3. Jessica Says:

    Our son will be ten next month. He holds a pencil for 30-60 minutes, 4 days per week.

  4. Nikki Says:

    My 10yo boy doesn’t like to write either. We do a lot of oral work. Somedays he is “in the zone” and he writes well, and other days every letter is an agonizing chore. He prefers cursive because he has recognized that he can do it faster, and it looks more “grown-up”. He typically does one page of his handwriting book, and/or copies a Bible verse or a few sentences each day. Spelling words once a week. Math is also affected by his writing. On a good day, he can write his numbers legibly in the spaces provided, other days he is all over the place and he can give me the answer orally, but to write the answers will take him hours. This is the first year I feel we’ve actually made progress and there are fewer tears with writing. I have hope!

  5. Heather Says:

    My son is 11 and has always hated writing. With one exception — when he’s doing something for his own enjoyment, (making a cartoon or something) he will write without complaint. However, even then he doesn’t write in copious amounts.

    We have tried many different approaches and programs through the years, all with the “practice makes perfect” intention. More recently, however, I’ve come to realize that it’s likely better to view this as a physical limitation, not just a lack of practice.

    I’ve been reading about muscle weakness in the hand and torso. I had always assumed that wouldn’t be our situation because he’s a competitive gymnast and very strong. But it’s a different kind of strength, as it turns out. He gets tired very quickly when sitting still and writing, in his back, neck, and hand. He also grips his pencil incorrectly and has very messy handwriting.

    Any writing that needs to be done for schoolwork, he abbreviates and shortens and ‘cheats’ to make it as brief as possible. I don’t think he’s written a complete paragraph yet in his entire life.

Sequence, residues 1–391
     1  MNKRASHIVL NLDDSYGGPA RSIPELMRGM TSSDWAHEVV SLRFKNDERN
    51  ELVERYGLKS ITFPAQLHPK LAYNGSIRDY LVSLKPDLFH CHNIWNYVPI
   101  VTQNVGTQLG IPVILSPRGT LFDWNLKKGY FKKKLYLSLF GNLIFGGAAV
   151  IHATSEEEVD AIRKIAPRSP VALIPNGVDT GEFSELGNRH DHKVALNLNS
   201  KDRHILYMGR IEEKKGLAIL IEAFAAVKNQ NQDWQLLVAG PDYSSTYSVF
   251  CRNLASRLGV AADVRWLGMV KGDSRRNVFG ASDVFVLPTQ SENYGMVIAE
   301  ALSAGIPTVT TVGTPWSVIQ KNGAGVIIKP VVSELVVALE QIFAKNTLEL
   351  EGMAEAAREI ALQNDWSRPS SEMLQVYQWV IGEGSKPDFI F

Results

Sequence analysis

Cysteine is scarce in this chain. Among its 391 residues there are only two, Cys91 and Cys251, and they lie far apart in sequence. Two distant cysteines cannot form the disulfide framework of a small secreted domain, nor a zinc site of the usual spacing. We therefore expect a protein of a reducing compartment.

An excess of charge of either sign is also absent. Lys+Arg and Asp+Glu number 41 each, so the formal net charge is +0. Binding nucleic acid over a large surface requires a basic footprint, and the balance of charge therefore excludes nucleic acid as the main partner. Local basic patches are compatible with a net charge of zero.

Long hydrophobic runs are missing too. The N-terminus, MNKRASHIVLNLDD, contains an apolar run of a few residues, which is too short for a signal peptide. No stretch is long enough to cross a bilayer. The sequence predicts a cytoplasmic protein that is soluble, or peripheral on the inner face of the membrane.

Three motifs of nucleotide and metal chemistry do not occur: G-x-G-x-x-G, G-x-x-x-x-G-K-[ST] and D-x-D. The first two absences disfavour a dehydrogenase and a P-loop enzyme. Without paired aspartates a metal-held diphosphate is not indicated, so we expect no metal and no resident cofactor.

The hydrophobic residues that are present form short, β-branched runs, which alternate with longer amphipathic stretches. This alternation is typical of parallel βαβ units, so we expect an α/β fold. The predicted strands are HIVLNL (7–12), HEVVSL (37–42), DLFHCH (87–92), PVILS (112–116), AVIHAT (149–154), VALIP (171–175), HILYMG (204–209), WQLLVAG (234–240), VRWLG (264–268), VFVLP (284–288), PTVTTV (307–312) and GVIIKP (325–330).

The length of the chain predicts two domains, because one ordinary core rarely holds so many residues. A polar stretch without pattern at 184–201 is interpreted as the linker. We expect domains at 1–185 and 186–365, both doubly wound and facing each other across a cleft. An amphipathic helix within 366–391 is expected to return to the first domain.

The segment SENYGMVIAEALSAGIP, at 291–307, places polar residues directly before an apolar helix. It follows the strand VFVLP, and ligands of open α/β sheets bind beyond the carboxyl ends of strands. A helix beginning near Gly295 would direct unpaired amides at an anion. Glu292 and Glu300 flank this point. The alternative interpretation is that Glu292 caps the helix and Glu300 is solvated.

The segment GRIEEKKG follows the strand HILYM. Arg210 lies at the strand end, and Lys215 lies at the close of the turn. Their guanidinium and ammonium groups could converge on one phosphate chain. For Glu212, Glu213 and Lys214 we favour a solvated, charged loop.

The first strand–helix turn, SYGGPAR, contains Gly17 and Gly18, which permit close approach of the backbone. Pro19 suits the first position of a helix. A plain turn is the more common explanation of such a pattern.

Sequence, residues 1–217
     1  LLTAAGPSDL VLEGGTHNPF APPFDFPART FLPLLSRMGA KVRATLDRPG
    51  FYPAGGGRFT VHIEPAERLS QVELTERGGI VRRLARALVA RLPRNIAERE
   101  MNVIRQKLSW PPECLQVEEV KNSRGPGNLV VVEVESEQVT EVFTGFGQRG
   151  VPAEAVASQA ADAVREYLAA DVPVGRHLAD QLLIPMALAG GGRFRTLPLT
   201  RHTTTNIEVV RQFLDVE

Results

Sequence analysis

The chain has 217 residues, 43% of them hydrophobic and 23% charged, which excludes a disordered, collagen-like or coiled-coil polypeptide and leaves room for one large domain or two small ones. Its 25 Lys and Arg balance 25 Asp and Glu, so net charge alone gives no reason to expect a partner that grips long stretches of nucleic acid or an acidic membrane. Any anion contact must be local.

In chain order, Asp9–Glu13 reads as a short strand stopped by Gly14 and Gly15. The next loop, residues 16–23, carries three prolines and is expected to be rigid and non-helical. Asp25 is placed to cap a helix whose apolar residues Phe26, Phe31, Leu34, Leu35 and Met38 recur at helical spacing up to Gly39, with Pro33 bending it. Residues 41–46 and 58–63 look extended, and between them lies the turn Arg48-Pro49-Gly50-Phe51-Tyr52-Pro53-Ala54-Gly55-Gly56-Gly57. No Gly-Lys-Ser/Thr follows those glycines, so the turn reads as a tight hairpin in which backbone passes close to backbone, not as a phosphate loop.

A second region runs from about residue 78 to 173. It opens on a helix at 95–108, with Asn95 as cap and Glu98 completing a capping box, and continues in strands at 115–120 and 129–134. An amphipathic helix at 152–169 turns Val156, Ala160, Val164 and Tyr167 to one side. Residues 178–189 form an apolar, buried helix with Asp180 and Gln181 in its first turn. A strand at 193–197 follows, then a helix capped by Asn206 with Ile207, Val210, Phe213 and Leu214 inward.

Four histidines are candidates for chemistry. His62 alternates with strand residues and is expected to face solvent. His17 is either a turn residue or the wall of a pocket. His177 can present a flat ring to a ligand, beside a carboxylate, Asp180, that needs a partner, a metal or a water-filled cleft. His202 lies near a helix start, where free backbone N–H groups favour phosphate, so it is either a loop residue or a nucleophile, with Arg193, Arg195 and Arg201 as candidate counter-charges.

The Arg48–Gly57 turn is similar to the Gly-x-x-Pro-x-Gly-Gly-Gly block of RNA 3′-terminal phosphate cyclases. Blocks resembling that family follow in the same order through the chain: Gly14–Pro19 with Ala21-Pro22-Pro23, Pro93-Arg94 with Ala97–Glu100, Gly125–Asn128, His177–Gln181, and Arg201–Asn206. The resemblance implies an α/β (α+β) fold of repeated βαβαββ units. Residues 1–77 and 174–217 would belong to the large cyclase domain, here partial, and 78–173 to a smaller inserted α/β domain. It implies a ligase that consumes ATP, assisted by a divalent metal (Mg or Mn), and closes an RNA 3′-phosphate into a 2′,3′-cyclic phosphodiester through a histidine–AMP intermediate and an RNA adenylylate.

Some things that are helping: Pencil grips were like torture devices for him (he insisted they “hurt”), so we didn’t use them constantly. But eventually he was able to correct his pencil hold when I remind him – so that he can avoid having to use the plastic grip!

    Writing on an inclined surface. He was always choosing to sit leaning backwards with his knees up and his book upright, inches from his face. This is actually one of the signs of the muscle weakness. Writing on a flat book is too tiring on his muscles (at least until we get them strengthened) so I now let him write on an inclined surface instead of just flat on the desk. His writing is much, much neater!

    We switched to Penny Gardner’s Italics program, and started from the very beginning. He’s still not great, but it’s improving, and at least he’s trying to do these ones correctly, which is an improvement…

    We’ve started incorporating muscle-strengthening and balance exercises. They’re fun and he enjoys them.

    I would say that on the average my son holds a pencil for 2 hours a day, including all his writing-based schoolwork (which isn’t much) and math, and drawing.

    I’ll also say that I wish I had known and understood about Charlotte Mason and similar philosophies, and expected less writing and more oral narration from him when he was younger. I probably didn’t help by pushing him too hard before he was old enough to understand why writing was important to learn — even if just the basics.

  6. Homeschool Trenches − a homeschooling carnival – March 24, 2010 Says: